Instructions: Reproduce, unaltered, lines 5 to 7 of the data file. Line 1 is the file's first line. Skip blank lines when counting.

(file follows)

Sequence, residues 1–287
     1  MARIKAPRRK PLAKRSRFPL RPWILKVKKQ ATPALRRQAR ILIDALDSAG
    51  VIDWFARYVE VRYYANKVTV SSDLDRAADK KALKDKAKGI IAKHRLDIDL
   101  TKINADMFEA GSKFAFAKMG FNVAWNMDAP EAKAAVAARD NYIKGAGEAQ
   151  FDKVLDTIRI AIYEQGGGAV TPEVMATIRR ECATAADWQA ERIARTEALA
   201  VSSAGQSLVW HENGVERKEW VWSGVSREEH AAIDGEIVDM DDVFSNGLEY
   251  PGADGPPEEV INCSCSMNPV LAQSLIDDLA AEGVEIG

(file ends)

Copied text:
   151  FDKVLDTIRI AIYEQGGGAV TPEVMATIRR ECATAADWQA ERIARTEALA
   201  VSSAGQSLVW HENGVERKEW VWSGVSREEH AAIDGEIVDM DDVFSNGLEY
   251  PGADGPPEEV INCSCSMNPV LAQSLIDDLA AEGVEIG